Women Chefs (I)
They came late to the professional culinary world, but on the domestic front women have been heirs to and conveyors of gastronomic knowledge and culture for generations. Until fairly recently, that was their main contribution to cuisine. But today a number of Spanish women chefs are showing what they can do at the helm of their own restaurants. Whether traditional, classic or decidedly modern, they are receiving recognition, good reviews and even the much sought-after Michelin stars
The kitchen has always been female territory, at least on a domestic level. Cooking in Spain cannot be imagined without the quiet, profound influence of women. The teachings of grandmothers, mothers and aunts represent an invaluable heritage stemming from traditions passed on over a hot stove. Women are the backbone of cooking. It is impossible to conceive of modern gastronomy without the essential contribution made in the background by hundreds of women who, over the centuries, have kept culinary traditions and methods alive that would otherwise have fallen into oblivion.
Spanish literature is full of references to fresh-faced waitresses and buxom innkeepers enveloped in homely flavors and aromas, and to stews and soups that bear witness to a tradition carefully preserved and tended by female hands. Home cooking has always given rise to irrefutable chefs, tied to the land and to tradition who, often, out of pure necessity, found themselves cooking outside the home.
One outstanding case is Marisa Sánchez who, at the age of 74, was awarded the top-level Labor Award by the Spanish Ministry of Labor and Social Affairs. Her restaurant Echaurren has seen four generations of women chefs and has reached its position today as one of the best-known establishments in Spain largely thanks to Marisa's efforts.
At the beginning of the last century, Echaurren was a stopover for travelers. Marisa's predecessors gradually built it up, but it was Marisa that eventually turned it into a hotel and restaurant with outstanding cuisine. Today, however, the reins are held by her son, Francis Paniego, who won a Michelin star for Portal de Echaurren, so it now ranks amongst the best. But he owes a lot to his mother, to her way of cooking with only top Riojan raw materials, fish from the nearby Bay of Biscay, locally-reared meat and vegetables from the valley of the river Ebro (which flows from Cantabria via La Rioja to the Mediterranean Sea).
Again tradition and know-how, passed down from mother to son, come together at Echaurren. This knowledge has been taken up by Paniego but with a different vision, a different aesthetic and a different concept of cuisine.
The list of groundbreaking women chefs must necessarily mention the nine Guerendiain sisters, nicknamed the Pocholas, who became a real institution in Pamplona (Navarre, northern Spain). The prestige they built up on the basis of culinary tradition is still remembered today. They were working until just 17 years ago, but only two of them are still alive, and in their nineties.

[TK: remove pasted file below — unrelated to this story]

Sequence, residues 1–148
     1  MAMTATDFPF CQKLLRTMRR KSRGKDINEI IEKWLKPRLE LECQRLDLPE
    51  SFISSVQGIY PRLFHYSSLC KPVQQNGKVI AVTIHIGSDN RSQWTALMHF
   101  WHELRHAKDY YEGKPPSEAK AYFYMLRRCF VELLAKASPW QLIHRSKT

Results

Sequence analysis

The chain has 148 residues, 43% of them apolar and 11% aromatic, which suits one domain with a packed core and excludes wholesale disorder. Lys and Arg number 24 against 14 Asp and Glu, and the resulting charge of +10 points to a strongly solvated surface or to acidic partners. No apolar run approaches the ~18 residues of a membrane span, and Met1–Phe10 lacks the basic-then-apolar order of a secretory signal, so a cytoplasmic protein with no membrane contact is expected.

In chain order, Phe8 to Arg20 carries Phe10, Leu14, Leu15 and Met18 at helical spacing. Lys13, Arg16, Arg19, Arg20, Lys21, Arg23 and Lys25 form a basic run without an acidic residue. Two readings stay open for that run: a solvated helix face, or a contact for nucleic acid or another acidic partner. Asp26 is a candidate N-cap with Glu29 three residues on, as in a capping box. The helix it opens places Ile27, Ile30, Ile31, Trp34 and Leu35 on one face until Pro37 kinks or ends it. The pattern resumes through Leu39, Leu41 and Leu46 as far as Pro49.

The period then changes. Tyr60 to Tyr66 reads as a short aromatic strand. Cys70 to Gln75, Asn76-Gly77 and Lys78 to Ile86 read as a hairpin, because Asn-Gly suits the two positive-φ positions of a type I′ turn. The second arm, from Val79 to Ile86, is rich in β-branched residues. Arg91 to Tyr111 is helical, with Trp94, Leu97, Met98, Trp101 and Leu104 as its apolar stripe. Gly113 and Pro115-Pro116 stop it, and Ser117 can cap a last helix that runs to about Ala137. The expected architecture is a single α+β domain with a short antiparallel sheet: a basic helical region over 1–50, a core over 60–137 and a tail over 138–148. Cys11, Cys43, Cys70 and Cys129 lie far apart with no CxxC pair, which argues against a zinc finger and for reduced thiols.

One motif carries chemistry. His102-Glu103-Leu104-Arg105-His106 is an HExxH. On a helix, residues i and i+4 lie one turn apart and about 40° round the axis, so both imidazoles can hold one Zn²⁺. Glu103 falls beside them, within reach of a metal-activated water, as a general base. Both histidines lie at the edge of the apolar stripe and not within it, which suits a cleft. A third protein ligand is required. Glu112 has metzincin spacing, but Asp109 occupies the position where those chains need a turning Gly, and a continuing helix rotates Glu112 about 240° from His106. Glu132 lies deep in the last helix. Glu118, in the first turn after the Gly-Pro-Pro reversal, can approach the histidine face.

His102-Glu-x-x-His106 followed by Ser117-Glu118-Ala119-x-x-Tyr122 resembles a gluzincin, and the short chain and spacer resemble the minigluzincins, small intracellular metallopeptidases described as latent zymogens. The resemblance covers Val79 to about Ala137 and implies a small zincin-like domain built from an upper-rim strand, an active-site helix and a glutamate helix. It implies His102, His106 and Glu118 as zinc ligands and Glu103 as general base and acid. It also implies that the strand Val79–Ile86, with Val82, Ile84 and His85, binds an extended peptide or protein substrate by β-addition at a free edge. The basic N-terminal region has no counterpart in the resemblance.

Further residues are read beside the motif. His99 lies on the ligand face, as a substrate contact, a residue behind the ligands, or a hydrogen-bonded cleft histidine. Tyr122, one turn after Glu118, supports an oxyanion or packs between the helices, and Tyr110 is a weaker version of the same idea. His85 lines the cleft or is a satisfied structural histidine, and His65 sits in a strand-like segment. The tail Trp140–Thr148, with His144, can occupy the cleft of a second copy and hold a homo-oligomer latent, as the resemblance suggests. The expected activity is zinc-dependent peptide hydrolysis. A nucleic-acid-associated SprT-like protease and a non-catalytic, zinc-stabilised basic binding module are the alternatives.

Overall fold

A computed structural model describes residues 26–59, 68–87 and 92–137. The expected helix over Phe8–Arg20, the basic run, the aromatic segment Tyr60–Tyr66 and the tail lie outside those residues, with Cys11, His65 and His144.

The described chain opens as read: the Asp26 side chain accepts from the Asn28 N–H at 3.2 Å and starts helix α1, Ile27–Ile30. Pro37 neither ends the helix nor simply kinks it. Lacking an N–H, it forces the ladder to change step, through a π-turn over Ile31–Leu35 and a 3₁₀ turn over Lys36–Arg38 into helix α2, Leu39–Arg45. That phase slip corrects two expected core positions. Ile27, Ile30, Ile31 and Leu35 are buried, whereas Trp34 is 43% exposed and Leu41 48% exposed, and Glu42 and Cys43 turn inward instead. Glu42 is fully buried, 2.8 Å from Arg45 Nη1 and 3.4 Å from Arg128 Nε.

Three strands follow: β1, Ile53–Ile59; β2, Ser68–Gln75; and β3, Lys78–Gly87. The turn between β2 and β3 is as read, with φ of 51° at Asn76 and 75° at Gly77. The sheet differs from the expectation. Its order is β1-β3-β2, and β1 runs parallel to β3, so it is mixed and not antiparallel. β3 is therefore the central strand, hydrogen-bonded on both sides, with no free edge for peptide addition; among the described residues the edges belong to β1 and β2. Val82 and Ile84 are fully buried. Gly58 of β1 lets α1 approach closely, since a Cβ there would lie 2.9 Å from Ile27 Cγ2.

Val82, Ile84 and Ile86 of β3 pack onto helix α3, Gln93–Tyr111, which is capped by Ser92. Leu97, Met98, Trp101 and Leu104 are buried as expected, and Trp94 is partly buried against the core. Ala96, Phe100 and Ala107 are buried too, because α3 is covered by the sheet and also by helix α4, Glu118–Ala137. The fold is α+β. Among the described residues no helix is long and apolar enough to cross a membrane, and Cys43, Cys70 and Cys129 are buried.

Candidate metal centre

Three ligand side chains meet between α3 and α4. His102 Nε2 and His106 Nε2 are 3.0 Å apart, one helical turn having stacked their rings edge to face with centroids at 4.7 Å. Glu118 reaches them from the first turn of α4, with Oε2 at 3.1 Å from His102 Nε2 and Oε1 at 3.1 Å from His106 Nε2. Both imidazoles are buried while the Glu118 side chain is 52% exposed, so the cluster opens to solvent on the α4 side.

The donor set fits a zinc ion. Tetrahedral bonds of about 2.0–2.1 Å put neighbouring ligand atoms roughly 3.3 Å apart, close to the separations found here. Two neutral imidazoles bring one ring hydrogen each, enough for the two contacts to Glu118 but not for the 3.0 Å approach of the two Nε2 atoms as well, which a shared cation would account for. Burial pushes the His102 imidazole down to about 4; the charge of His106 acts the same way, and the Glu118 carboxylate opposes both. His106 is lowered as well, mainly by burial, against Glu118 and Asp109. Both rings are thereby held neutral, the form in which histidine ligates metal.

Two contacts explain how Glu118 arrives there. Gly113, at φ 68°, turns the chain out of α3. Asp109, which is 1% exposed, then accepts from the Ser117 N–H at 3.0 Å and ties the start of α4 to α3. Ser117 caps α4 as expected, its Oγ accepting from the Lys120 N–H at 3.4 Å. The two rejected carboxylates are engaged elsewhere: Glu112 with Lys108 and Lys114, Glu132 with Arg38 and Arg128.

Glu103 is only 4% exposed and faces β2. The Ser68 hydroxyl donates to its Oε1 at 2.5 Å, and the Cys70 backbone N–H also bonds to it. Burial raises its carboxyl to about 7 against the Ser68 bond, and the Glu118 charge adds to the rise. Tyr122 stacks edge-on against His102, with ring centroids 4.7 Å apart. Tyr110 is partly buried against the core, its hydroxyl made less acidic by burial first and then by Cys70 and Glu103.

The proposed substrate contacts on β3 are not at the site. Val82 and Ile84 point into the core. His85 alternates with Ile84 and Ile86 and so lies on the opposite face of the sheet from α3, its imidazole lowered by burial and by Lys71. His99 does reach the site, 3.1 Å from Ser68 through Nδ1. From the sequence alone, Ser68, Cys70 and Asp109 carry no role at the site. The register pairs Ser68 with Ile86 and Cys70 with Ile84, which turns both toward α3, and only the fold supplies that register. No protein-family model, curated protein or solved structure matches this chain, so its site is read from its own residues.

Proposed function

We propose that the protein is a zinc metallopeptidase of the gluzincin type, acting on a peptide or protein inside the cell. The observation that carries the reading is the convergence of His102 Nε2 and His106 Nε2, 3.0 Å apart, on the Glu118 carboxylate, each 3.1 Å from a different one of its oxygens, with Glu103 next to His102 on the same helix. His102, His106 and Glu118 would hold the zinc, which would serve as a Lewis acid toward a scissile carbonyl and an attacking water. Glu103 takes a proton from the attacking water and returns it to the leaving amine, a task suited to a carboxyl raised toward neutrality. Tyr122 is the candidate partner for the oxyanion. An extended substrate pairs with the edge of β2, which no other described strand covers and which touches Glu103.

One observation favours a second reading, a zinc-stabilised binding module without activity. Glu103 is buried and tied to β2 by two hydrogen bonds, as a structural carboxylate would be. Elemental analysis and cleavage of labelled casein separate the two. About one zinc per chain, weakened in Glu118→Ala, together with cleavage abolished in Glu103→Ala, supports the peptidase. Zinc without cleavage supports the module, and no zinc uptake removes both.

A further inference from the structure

Atxen Jiménez, responsible for the restaurant Túbal in Tafalla (Navarre), has been offering for more than three decades product-based, traditional cuisine, although with certaon concessions to modernity; still, her cuisine is always light, uses short cooking periods and is rich in textures.
In another region and another province, in the Castilian town of Aranda de Duero (Burgos, Castile-León) is El Mesón de la Villa and a woman, Seri Bermejo, who has been cooking for over 50 years. A welcoming, voluble person, she worked with her partner and husband Eugenio until his in 2006. She continues to head her restaurant but "with the help of a great team." At 77, her vitality belies her age, as she is certainly one of the oldest of the Spanish women chefs.
In Spanish cuisine today there are a number of women chefs who, at the peak of their careers, are renowned for having developed their own style, and their efforts have been acknowledged with a Michelin star. There are cases all over Spain, but the majority are located along the Mediterranean coast. But a characteristic they all share, which is of no little significance, is that they own and run their own restaurants.
Pilar Idoate believes that women chefs are more sensitive and thoughtful, "and that is very important in cooking." She bases this opinion on her 30-some odd years in the kitchen of Europa, a hotel-restaurant in Pamplona, on which she has gradually imprinted her personality and methods. She learned her trade reading, travelling round Spain, testing and tasting. She also had the help of a top-class gastronomic advisor, Xabier Gutiérrez , Juanmari Arzak's righthand man. As a result, Europa has built up a great reputation and has been awarded a Michelin star.